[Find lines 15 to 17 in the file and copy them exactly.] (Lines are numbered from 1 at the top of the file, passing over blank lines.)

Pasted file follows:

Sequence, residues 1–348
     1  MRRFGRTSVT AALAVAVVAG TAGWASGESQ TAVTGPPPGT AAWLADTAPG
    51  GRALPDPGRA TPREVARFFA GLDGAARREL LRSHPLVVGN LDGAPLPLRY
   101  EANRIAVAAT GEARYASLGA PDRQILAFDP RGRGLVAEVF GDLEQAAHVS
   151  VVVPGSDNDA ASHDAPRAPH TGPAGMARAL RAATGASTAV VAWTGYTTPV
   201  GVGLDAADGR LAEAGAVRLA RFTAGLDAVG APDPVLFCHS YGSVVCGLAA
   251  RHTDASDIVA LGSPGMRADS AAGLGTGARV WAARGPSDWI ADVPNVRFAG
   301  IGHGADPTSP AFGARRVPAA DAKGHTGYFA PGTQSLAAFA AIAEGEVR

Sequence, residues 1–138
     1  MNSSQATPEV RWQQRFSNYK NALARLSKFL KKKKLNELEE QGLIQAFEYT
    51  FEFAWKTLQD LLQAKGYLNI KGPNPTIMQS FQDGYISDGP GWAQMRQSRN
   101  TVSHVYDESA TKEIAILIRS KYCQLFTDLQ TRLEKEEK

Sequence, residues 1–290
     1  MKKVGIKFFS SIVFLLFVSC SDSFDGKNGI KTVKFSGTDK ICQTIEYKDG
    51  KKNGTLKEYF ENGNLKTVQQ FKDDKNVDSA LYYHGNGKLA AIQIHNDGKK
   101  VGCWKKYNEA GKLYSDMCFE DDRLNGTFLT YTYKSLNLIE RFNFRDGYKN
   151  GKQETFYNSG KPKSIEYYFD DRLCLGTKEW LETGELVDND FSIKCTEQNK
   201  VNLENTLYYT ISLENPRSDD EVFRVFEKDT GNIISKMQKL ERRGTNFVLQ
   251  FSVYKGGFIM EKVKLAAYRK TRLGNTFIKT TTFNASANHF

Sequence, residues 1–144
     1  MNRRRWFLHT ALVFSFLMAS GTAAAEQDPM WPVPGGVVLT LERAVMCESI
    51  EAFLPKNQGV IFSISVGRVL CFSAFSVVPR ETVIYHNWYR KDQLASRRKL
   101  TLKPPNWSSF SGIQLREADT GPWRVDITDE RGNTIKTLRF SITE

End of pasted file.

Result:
    51  KKNGTLKEYF ENGNLKTVQQ FKDDKNVDSA LYYHGNGKLA AIQIHNDGKK
   101  VGCWKKYNEA GKLYSDMCFE DDRLNGTFLT YTYKSLNLIE RFNFRDGYKN
   151  GKQETFYNSG KPKSIEYYFD DRLCLGTKEW LETGELVDND FSIKCTEQNK